The adaptation of Broadway hit and Tony-winner “Dear Evan Hansen,” Edgar Wright’s ’60s London-themed “Last Night in Soho,” and “The Eyes of Tammy Faye” are just a few of the major films coming to the Toronto International Film Festival this September.
Organizers on Tuesday unveiled a robust slate of premieres for the 46th edition of TIFF, which is returning to an in-person fete. “Dear Evan Hansen,” starring Ben Platt and Julianne Moore and directed by Stephen Chbosky, will be the opening night gala on Sept. 9.
“There was no question that Dear Evan Hansen was the ideal film to launch the Festival this year,” said Cameron Bailey, Artistic Director and Co-Head of TIFF. “This film is ultimately about healing, forgiveness, and reaffirms how connected and essential we all are to one another. We couldn’t think of a more important idea to celebrate this year as we come together once again to share the power and joy of cinema in theatres together.”
Chbosky added, “We could not have asked for a more ideal festival, or audience, or moment to premiere our film.”
Audiences can also expect a look at Jessica Chastain’s turn as Tammy Faye Bakker and Andrew Garfield as televangelist Jim Bakker in Michael Showalter’s latest film, as well as director Barry Levinson’s “The Survivor” starring Ben Foster as WWII-era boxer Harry Haft.
“Clifford the Big Red Dog,” featuring David Alan Grier as the voice of the children’s book character, is another gala presentation.
The festival will also host the world premiere of Terence Davies’ “Benediction,” about English poet Siegfried Sassoon, starring Jack Lowden and Peter Capaldi, as well as Justine Bateman’s directorial debut “Violet,” starring Olivia Munn.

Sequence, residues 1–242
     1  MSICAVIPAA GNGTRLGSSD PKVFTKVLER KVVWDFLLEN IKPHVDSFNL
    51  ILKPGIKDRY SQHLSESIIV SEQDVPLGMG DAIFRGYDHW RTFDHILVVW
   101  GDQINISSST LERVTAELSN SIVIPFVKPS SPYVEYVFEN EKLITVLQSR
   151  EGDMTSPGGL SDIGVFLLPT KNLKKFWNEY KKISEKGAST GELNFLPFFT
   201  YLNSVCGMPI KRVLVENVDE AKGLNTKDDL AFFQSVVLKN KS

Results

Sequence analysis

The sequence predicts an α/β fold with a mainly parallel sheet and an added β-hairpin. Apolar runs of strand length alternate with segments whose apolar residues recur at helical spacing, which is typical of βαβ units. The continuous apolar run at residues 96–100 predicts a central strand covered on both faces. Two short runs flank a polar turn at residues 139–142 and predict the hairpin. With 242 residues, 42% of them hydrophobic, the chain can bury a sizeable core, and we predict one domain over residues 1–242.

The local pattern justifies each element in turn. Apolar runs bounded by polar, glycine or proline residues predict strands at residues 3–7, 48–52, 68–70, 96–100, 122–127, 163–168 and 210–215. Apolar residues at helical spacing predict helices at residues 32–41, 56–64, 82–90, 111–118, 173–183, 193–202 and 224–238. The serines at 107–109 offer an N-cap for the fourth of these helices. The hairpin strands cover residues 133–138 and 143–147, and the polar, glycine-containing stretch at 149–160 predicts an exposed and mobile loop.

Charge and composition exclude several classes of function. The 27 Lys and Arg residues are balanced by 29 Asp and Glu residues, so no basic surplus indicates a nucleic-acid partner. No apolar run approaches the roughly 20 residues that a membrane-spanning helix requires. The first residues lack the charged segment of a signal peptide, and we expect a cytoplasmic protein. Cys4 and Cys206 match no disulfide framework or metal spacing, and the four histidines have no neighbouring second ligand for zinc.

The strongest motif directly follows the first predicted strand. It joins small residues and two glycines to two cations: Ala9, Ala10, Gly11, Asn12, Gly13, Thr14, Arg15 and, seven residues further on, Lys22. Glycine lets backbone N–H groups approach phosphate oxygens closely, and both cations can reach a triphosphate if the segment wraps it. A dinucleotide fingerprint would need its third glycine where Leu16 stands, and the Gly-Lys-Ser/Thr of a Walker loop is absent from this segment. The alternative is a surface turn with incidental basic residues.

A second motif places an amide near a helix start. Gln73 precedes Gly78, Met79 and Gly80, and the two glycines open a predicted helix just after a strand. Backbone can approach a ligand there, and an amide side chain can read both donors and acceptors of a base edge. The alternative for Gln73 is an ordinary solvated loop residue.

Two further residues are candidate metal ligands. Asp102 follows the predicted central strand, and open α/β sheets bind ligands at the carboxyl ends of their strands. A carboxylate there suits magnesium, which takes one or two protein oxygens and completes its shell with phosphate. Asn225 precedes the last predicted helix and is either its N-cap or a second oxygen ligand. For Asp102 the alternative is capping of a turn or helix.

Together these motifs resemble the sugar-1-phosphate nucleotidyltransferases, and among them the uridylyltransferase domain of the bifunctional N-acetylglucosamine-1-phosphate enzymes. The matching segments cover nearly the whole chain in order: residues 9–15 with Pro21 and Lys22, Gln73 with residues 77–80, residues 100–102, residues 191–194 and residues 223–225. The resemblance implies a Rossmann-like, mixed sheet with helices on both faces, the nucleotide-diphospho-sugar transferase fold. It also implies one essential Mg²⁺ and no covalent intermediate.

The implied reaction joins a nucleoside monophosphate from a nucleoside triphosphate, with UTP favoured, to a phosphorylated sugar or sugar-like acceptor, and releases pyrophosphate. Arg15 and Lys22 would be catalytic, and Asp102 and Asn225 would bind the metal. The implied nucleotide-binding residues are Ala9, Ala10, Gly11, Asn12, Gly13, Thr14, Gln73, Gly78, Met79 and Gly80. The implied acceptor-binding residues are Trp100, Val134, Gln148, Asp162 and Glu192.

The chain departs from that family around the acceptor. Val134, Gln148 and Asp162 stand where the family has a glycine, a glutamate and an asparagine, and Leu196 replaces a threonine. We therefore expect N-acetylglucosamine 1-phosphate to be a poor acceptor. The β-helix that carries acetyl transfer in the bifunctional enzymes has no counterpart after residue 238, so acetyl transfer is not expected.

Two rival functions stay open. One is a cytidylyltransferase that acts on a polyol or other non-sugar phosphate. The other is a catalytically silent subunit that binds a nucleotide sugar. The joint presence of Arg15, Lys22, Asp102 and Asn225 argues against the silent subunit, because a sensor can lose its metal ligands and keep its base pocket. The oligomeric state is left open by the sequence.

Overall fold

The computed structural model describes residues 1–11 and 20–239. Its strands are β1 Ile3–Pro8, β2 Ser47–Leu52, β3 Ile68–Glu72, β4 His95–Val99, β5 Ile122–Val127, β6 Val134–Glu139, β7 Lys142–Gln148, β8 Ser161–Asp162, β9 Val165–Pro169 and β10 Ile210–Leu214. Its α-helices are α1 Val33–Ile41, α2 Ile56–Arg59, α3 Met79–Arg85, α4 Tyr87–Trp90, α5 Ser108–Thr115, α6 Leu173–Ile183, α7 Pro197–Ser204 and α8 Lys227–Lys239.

Previously announced premieres include Kenneth Branagh’s “Belfast,” Tahir Rana’s “Dionne Warwick; Don’t Make Me Over,” Antoine Fuqua’s “The Guilty,” writer-director-actor Mélanie Laurent’s “The Mad Women’s Ball,” and Alison Klayman’s Alanis Morissette documentary “Jagged.” The festival will also host an IMAX screening of Denis Villeneuve’s “Dune” to follow its premiere at the Venice Film Festival in Italy.
A few selections from Cannes will also screen including Joachim Trier’s “The Worst Person in the World,” Jacques Audiard’ s “Paris, 13th District,” and Mia Hansen-Løve’s “Bergman Island.”
Zhang Yimou’s “One Second,” about a man escaping a concentration camp to see his daughter, will serve as the closing night film in its North American premiere.
The Canadian government said Monday that the border will open to fully vaccinated U.S. citizens and permanent residents beginning Aug. 9, and open to the rest of the world by Sept. 7. The festival is also planning to make films available online for press and industry unable to travel.
TIFF will run from Sept. 9-18 and return to in-person screenings in many of its usual downtown Toronto venues, like the TIFF Bell Lightbox, Roy Thomson Hall, and the Princess of Wales Theatre.